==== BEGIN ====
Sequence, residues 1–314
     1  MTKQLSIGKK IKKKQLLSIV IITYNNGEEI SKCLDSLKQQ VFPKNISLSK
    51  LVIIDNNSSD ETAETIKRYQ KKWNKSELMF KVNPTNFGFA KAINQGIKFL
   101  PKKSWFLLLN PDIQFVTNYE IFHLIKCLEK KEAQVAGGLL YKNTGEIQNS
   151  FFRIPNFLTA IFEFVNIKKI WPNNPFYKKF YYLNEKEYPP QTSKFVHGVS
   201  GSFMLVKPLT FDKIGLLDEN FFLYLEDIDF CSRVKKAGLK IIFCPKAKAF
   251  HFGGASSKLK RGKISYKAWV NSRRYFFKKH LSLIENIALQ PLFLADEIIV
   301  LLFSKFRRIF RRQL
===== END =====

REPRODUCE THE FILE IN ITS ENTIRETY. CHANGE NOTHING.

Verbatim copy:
Sequence, residues 1–314
     1  MTKQLSIGKK IKKKQLLSIV IITYNNGEEI SKCLDSLKQQ VFPKNISLSK
    51  LVIIDNNSSD ETAETIKRYQ KKWNKSELMF KVNPTNFGFA KAINQGIKFL
   101  PKKSWFLLLN PDIQFVTNYE IFHLIKCLEK KEAQVAGGLL YKNTGEIQNS
   151  FFRIPNFLTA IFEFVNIKKI WPNNPFYKKF YYLNEKEYPP QTSKFVHGVS
   201  GSFMLVKPLT FDKIGLLDEN FFLYLEDIDF CSRVKKAGLK IIFCPKAKAF
   251  HFGGASSKLK RGKISYKAWV NSRRYFFKKH LSLIENIALQ PLFLADEIIV
   301  LLFSKFRRIF RRQL